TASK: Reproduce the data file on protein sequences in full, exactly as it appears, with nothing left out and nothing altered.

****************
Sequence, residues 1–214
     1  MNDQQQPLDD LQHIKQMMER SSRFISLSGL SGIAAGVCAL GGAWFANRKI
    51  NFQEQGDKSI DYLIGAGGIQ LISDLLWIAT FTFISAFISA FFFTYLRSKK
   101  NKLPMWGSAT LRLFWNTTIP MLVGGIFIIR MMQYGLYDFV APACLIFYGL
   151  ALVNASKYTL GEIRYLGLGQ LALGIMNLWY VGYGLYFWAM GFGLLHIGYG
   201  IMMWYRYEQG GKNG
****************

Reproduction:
Sequence, residues 1–214
     1  MNDQQQPLDD LQHIKQMMER SSRFISLSGL SGIAAGVCAL GGAWFANRKI
    51  NFQEQGDKSI DYLIGAGGIQ LISDLLWIAT FTFISAFISA FFFTYLRSKK
   101  NKLPMWGSAT LRLFWNTTIP MLVGGIFIIR MMQYGLYDFV APACLIFYGL
   151  ALVNASKYTL GEIRYLGLGQ LALGIMNLWY VGYGLYFWAM GFGLLHIGYG
   201  IMMWYRYEQG GKNG